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Al Jazeera English looks at news through a different lens

The 20-month-old channel expands its global audience but barely penetrates US market.

By Sean J. MillerCorrespondent of The Christian Science Monitor / July 10, 2008

Al Jazeera English's anchor Shihab Rattansi. Washington is one of four broadcast centers the English-speaking channel operates worldwide.

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WASHINGTON

Paul McKinney wants the story. Now. All afternoon, Mr. McKinney, an executive producer in the Washington broadcast center of Al Jazeera English (AJE), has been hoping to air a report about a captured rebel computer in Colombia.

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The laptop, seized by the Colombian military, is purported to carry information linking leftist guerrillas in Colombia with Venezuelan President Hugo Chávez – which, if true, could provide perfect ammunition for critics of Washington's chief antagonist in the region. Yet when AJE finally airs the story, it goes to considerable lengths to reach the other side, too. In a live interview with a Chávez supporter in Caracas, AJE anchor Ghida Fakhry asks the woman: Could the laptop be part of a US "smear" campaign against Mr. Chávez? Certainly, replies the Chávez supporter. Ms. Fakhry continues: "Do you make much of the fact the US has activated its fourth fleet in Latin America?"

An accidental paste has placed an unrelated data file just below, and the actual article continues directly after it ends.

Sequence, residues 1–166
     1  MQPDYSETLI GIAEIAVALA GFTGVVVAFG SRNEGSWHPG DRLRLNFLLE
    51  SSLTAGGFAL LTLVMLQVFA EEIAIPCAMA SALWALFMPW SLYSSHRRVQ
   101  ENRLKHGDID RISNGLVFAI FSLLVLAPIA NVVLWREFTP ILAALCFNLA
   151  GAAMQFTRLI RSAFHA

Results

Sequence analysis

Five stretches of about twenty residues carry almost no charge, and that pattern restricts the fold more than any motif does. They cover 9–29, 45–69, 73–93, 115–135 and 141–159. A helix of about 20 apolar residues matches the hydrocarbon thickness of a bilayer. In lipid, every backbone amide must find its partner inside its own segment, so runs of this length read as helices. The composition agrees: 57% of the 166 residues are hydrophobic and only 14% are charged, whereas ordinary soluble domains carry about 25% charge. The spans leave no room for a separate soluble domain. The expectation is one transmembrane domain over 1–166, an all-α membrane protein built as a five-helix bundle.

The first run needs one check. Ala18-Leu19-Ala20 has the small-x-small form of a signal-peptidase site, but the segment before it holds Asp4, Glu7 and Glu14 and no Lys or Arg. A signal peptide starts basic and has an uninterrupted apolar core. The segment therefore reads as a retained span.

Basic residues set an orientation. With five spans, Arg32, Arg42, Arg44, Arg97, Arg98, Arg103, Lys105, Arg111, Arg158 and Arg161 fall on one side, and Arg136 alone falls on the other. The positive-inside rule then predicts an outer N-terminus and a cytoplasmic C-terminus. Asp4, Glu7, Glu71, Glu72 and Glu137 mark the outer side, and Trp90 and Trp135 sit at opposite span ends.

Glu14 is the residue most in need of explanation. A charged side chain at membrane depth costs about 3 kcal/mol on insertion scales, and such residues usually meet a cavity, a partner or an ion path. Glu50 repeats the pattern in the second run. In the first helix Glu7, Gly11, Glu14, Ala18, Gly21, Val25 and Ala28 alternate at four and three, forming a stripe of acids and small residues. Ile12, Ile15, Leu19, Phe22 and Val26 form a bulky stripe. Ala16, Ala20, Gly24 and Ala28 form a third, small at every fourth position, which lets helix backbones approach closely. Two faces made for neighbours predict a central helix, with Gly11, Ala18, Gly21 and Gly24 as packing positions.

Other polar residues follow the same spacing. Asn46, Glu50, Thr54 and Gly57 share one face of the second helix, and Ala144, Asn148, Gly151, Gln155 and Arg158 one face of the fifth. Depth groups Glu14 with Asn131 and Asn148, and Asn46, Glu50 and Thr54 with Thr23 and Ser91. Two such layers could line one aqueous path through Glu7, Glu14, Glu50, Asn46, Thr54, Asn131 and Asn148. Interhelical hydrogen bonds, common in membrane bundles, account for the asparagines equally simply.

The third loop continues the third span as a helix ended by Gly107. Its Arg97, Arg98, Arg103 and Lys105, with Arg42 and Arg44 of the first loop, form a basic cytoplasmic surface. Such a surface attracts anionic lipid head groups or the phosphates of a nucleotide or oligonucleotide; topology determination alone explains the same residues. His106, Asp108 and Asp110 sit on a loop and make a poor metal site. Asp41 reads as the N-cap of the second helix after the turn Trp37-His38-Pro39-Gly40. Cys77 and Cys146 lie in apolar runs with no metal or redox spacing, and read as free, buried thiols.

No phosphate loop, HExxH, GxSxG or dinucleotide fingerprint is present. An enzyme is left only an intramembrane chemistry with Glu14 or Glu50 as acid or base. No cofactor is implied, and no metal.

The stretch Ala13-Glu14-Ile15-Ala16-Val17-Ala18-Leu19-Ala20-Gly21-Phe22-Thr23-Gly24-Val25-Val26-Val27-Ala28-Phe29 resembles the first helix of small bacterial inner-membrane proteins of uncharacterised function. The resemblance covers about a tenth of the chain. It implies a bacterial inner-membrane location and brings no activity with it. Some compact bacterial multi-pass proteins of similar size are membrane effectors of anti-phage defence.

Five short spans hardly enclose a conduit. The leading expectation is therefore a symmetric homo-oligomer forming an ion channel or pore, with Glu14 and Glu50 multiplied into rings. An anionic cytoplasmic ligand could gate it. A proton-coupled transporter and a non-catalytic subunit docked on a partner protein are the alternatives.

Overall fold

The questioning might strike some in the US as typical of the tone of an Arab-owned news organization: seeing sinister US motives, or the CIA, behind every bush and computer byte. But producers at AJE would argue that it's just the kind of tough, truthful reporting that other American news outlets don't do – and should.

Almost two years after AJE launched a global news service, a different editorial voice is rippling out over the English-speaking airwaves – one that is rapidly gaining listeners overseas but goes almost unnoticed in the US.

AJE now reaches 113 million homes around the world – almost half of what CNN International does, which has been around for 23 years. But the network can only be seen in two small US cable markets – one in northwest Ohio and another in Burlington, Vt. All of which raises a fundamental question: Will America ever be ready for the more aggressive – critics say biased – style of AJE? "The political environment in the US is not very conducive to Al Jazeera English penetrating the market," says Marwan Kraidy, an Arab media specialist at the University of Pennsylvania.

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AJE's broadcast center occupies four floors of a nondescript building in downtown Washington. Its newsroom is typical: Editors and producers sit at rows of computers in an open area sandwiched between a small control room and a soundstage cordoned off by black curtains. The anchor desk shimmers like a glass saucer at the center of the soundstage.

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